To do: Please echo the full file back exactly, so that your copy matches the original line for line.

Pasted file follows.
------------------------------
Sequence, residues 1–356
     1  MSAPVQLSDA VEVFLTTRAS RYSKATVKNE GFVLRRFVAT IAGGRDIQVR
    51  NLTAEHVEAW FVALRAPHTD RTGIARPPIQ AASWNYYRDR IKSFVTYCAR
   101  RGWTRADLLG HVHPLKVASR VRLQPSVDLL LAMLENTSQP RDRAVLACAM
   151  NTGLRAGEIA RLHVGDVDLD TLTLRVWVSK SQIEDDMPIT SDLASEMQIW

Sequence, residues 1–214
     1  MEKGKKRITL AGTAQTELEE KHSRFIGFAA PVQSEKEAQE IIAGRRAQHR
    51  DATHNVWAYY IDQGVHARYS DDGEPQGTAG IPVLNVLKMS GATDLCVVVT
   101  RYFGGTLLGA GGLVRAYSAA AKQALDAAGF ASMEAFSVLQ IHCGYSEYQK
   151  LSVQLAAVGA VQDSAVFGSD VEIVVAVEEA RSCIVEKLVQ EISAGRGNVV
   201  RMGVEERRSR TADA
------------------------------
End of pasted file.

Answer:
Sequence, residues 1–356
     1  MSAPVQLSDA VEVFLTTRAS RYSKATVKNE GFVLRRFVAT IAGGRDIQVR
    51  NLTAEHVEAW FVALRAPHTD RTGIARPPIQ AASWNYYRDR IKSFVTYCAR
   101  RGWTRADLLG HVHPLKVASR VRLQPSVDLL LAMLENTSQP RDRAVLACAM
   151  NTGLRAGEIA RLHVGDVDLD TLTLRVWVSK SQIEDDMPIT SDLASEMQIW

Sequence, residues 1–214
     1  MEKGKKRITL AGTAQTELEE KHSRFIGFAA PVQSEKEAQE IIAGRRAQHR
    51  DATHNVWAYY IDQGVHARYS DDGEPQGTAG IPVLNVLKMS GATDLCVVVT
   101  RYFGGTLLGA GGLVRAYSAA AKQALDAAGF ASMEAFSVLQ IHCGYSEYQK
   151  LSVQLAAVGA VQDSAVFGSD VEIVVAVEEA RSCIVEKLVQ EISAGRGNVV
   201  RMGVEERRSR TADA